Hazelnut, brown sugar and espresso biscotti

I do love a happy accident in the kitchen – that pleasant surprise when something you didn’t mean to do turns out marvellously well. It happens all the time, a missing ingredient that you forgot or didn’t have, for example, that makes the dish even better than the original. Of course, this might just be luck. The same thing can have the opposite effect too, depending on the circumstance and the ingredients. My sister in law famously... Read More

Going wheat free: Polenta crostini with mushrooms

A few weeks ago a bomb was dropped. My Tuscan husband, the can’t-live-without-bread, pizza-loving, pasta-making man that he is, was told he has a severe intolerance to wheat and that he’ll need to cut it out, cold turkey. Needless to say, when your partner or someone in your family has to change his or her diet, it pretty much means that the whole family change their diet, unless you want to cook separate meals to cater to everyone’s... Read More

Cherry Jam and three months in Tuscany

Where is home? It’s always been a complicated question for me. I never spent very long in one country when I was growing up, living back and forth between Australia and China then going off to study in the US. In fact, the longest I have ever spent living in one place, one country, at one time is Florence. Seven years. Although for the last couple of years I’ve been living in my home country, I still feel most at home still in Florence.... Read More

Carciofi ritti – stuffed stewed artichokes

There are certain dishes that I love eating when in Florence, seated at a bustling and often crowded trattoria at lunchtime, because firstly, there’s the atmosphere that is just as much part of the dish as the bare ingredients and secondly, there is something so nice about having these things made for you by well-versed hands. But I finally decided that this in particular, these plump, melting, whole artichokes, cooked in a simple Tuscan manner... Read More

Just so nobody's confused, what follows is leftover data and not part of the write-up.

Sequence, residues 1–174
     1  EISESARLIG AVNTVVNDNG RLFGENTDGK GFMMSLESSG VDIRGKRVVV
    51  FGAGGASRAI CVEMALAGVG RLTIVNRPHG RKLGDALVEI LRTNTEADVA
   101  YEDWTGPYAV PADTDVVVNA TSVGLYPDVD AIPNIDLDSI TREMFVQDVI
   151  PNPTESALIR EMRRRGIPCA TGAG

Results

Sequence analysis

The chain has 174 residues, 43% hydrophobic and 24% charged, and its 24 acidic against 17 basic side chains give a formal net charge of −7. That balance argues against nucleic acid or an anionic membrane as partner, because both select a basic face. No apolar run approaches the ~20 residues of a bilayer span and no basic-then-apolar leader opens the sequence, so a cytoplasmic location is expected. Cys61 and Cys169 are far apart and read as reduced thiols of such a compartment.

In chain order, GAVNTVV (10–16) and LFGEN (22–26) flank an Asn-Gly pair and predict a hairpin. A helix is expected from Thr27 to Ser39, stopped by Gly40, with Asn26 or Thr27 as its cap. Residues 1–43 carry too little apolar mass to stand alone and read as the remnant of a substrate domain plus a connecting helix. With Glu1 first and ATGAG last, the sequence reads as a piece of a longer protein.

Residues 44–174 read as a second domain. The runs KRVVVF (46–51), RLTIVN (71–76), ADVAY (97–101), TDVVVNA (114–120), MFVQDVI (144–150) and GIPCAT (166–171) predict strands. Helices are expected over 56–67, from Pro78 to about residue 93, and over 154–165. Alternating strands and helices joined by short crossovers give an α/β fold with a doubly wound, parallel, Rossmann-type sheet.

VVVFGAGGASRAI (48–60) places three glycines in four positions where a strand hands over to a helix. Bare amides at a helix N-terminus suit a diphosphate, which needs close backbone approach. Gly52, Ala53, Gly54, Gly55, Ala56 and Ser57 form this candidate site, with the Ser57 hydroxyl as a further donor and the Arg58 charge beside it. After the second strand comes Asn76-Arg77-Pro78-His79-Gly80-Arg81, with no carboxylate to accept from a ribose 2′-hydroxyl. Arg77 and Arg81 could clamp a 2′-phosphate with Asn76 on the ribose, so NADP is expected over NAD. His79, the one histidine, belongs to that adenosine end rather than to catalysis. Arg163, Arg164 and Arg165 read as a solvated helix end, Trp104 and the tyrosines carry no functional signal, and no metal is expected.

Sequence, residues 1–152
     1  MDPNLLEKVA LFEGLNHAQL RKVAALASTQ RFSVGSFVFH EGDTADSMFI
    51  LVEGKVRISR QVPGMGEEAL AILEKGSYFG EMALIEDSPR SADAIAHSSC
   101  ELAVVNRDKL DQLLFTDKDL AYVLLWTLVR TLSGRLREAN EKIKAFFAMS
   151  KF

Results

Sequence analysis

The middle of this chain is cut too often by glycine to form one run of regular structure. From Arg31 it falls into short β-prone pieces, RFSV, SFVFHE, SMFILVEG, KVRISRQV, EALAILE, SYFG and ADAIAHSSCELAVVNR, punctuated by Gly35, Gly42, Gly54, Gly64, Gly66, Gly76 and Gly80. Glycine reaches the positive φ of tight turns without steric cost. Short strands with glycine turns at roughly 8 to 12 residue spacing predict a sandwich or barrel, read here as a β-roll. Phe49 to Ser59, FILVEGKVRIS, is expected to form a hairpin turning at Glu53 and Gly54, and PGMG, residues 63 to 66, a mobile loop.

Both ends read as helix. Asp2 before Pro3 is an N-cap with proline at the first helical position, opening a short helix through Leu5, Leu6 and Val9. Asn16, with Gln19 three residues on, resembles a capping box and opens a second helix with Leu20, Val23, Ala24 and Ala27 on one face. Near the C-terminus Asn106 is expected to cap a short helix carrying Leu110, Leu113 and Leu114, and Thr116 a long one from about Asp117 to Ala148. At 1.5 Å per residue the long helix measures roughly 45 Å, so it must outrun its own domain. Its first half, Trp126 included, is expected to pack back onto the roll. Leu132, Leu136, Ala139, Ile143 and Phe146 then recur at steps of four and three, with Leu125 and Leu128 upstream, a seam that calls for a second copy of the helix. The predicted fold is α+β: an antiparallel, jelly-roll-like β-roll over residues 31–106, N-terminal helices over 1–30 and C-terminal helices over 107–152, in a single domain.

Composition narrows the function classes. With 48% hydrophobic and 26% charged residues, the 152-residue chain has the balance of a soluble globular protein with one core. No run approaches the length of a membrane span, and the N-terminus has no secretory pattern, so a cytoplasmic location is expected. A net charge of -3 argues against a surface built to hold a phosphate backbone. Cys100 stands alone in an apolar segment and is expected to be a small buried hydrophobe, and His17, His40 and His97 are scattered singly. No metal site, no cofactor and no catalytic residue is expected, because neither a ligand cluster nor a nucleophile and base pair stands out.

Pistachio, polenta and olive oil pound cake

I was quite amused the first time I heard Italians talk about, “plum cake”, even more so when I realised that the cake in question was not made with plums at all but was actually a pound cake (as romantic as it sounds, actually, little, mass-produced, packaged “plum cakes” are commonly found in the supermarket as a breakfast item). To me, it always seemed as though this erroneous translation was a matter of someone mishearing “pound cake”. It’s... Read More

Italian Table Talk: Artichoke tart

Italy in the spring. It means blossoms and longer, warmer days. Early on, it usually means rain too but also a gorgeous landscape of luminous, bright green pastures of new growth. It means fritelle. It means Easter and plenty of fresh eggs, especially from my sister in law’s busy hens. But, most of all, to me, it means artichokes. There is nothing, and I mean nothing, like the variety and availability of good artichokes in Italy. The varieties... Read More

On wild vegetables and acquacotta

A surprise find at one of my favourite markets in Florence last week led me to this beautiful and ancient dish, acquacotta (literally, “cooked water” but also meaning “cooked in water”), a tradition of southern Tuscany and Lazio, where the fields are filled with mounds of curly, jagged-edged weeds and other wild vegetables and greens that I had never seen and certainly never cooked with before. There’s something about eating wild vegetables... Read More

Bronzino’s Panzanella

Summer wouldn’t be summer without that perfect salad, a must when it’s simply too hot to cook and all you crave are the season’s fresh offerings. Things like this caprese salad, made with heirloom tomatoes straight out of the garden and torn hunks of buffalo mozzarella. In Tuscany, it’s always and forever, panzanella, a rustic bread salad born as a way of using up day old bread and the abundance of fresh vegetables straight... Read More

Millefoglie – A thousand layers

Usually, things are planned. Books are thumbed through, blogs are scrolled through, the fridge and pantry rummaged through. Menu planned. Ingredients bought. Recipes tested. But, less often, things are unplanned and just happen. Unexpectedly coming together. Something of the sort happened with this dessert, millefoglie – known better by it’s French name, millefeuille, meaning a thousand layers. It may be French but it’s the go-to dessert... Read More

Backyard broad beans & how to eat them

I began dabbling in gardening in the most unlikely of places – a rooftop overlooking the Palazzo Vecchio in Florence. It got a good bit of sun and we had a wide terrace, so we decided to experiment with some tomato seeds in little terracotta pots that matched the rooftops. It was a step up from the previous pots of sage, thyme and basil that I’d kept on window ledges of tiny apartments. Like magic, they sprouted and grew. We moved them into... Read More